Four sperm whales stranded on Lincolnshire beaches

Four sperm whales stranded on Lincolnshire beaches

Lincolnshire Wildlife Trust

Four sperm whales have been found dead on Lincolnshire beaches on Saturday, Sunday and Monday (23-25 January 2016)

The first three whales were found on the beaches at Skegness and Seacroft, the fourth on the inaccessible Wainfleet Marshes. All the animals were juvenile males. It has been confirmed that they were dead when they came ashore. 

The Cetacean Strandings Investigation Programme have carried out autopsies on the whales at Skegness/Seacroft. It is hoped that this will provide an insight into why these animals were in shallow waters of the North Sea. It also provides a rare opportunity to learn more about these animals and how they live.

Sperm Whale Seacroft

Sperm Whale at Seacroft beach

Sperm whales are adapted to live in deep oceans where they can dive to depths of 3,000 metres. Female and young sperm whales remain in tropical or subtropical waters all year long but males travel further afield and are regularly seen around Iceland, Norway and Scotland. However, straying into the shallow waters of the North Sea, with an average depth of just 95 metres, can be fatal.

Sperm whales use sonar to navigate and communicate. They send out pulses of sound which bounce back of objects and surfaces allowing them to build an image of their underwater world. In the shallows of the North Sea, with a sandy seabed, it becomes harder for them to 'read' the sonar. They can quickly become disorientated and struggle to escape from, or feed in, the shallow waters.  

These tragic deaths follow a stranding at Hunstanton in Norfolk on Friday and a spate of strandings in Germany and the Netherlands earlier in the month where a total of 12 sperm whales have died. It is thought that the whales are all from the same pod.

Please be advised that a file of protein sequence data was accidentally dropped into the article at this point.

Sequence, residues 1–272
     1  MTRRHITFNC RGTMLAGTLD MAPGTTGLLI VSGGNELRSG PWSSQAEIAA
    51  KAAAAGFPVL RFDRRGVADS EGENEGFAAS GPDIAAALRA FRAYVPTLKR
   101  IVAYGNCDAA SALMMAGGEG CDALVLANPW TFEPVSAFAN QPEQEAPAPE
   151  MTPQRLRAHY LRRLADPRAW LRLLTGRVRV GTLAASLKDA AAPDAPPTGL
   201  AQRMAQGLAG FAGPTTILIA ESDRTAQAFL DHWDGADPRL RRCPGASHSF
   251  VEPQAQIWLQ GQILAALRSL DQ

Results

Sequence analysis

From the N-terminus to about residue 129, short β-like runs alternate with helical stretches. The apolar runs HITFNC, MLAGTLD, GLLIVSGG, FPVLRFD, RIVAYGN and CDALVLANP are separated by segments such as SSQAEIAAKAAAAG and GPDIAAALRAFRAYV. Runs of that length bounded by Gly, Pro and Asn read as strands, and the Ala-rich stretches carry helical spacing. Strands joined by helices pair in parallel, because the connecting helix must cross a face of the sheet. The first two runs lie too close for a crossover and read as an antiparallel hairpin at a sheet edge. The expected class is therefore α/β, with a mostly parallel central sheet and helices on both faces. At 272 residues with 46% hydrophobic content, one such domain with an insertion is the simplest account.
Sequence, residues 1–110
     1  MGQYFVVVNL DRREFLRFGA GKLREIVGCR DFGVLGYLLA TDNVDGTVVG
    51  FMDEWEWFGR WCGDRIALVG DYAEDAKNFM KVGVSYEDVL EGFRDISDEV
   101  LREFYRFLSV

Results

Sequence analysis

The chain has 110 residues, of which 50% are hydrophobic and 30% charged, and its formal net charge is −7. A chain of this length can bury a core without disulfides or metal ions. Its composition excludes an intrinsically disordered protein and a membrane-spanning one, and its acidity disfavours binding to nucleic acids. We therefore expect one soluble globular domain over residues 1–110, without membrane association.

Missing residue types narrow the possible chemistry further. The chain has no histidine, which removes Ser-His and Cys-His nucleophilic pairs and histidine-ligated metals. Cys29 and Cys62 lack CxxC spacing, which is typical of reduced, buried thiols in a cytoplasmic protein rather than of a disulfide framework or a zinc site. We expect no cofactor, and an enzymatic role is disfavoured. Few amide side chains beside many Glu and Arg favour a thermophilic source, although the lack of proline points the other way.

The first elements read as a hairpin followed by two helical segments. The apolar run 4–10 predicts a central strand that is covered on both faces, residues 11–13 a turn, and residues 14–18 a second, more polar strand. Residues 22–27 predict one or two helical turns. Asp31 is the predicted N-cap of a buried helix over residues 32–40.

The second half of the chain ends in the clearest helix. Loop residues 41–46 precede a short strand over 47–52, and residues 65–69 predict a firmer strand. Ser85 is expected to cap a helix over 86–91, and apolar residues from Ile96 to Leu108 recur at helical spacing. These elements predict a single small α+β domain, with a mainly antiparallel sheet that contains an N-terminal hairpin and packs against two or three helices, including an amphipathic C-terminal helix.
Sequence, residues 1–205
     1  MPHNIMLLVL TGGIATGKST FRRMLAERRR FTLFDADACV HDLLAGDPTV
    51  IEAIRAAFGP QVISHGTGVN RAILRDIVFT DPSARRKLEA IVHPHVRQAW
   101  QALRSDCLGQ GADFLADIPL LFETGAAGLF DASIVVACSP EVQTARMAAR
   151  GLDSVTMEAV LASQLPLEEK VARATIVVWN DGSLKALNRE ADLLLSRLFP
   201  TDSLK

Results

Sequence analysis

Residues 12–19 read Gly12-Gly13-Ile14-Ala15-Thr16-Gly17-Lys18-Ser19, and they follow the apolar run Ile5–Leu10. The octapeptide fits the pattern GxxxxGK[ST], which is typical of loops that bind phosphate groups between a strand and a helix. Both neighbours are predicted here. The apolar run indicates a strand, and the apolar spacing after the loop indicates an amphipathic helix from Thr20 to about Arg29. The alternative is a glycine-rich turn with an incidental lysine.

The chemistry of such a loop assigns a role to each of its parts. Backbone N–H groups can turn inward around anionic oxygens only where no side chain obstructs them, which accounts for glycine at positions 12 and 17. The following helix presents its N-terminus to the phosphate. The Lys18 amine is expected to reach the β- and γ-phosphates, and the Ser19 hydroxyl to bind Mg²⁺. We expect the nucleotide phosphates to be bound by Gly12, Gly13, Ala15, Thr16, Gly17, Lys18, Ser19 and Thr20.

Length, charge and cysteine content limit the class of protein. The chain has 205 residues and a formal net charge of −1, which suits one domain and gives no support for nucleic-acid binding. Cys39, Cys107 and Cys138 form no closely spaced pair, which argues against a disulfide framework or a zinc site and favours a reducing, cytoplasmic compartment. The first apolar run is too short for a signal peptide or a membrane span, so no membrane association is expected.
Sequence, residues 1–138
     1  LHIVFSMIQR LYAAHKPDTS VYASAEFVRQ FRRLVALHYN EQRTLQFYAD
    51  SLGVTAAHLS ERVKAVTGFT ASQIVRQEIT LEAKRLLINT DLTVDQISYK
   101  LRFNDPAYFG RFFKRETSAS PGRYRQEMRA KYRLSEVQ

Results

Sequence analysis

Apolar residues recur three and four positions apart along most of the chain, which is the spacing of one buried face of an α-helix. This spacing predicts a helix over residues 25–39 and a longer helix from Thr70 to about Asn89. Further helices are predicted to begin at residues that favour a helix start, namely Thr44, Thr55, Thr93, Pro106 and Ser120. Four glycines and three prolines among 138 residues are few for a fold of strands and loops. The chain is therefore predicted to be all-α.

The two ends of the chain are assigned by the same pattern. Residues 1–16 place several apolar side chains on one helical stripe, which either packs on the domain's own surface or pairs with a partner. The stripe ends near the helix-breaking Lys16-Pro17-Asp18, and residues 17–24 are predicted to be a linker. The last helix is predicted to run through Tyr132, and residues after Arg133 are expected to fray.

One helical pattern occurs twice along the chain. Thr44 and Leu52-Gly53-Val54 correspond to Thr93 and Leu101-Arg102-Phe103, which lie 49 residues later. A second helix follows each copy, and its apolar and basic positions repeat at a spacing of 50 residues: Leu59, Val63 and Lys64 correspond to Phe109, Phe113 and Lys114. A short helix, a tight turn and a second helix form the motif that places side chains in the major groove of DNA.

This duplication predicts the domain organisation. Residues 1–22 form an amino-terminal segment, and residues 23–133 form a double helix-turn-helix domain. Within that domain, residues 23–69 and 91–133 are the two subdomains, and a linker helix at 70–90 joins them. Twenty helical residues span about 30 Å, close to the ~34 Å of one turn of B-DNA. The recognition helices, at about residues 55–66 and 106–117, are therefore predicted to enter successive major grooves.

Whilst it is understandable that people want to see the whales, the Lincolnshire Wildlife Trust advises that nobody attempts to see this whale on Wainfleet Marshes; a former bombing range. There is no public access to the area and it is extremely dangerous with tidal creeks and the potential for unexploded ordinance. Many of the lanes to the marshes are private and not accessible. The whales at Skegness and Seacroft are not accessible from Gibraltar Point. East Lindsey District Council will arrange for the removal of the whales from the Skegness and Seacroft beaches. 

More information

Advice on what to do if you find a live or stranded marine mammal can be found on the website of the British Divers Marine Life Rescue or the Cetacean Strandings Investigation Programme website.

Although sperm whales shouldn’t be in the shallow waters of the North Sea there are other species that do live in the North Sea, including harbour porpoise and minke whale. There is increasing evidence of the importance of the North Sea for harbour porpoise and Lincolnshire Wildlife Trust is campaigning for better protection for them as part of the Wildlife Trusts UK-wide Ocean Giants campaign.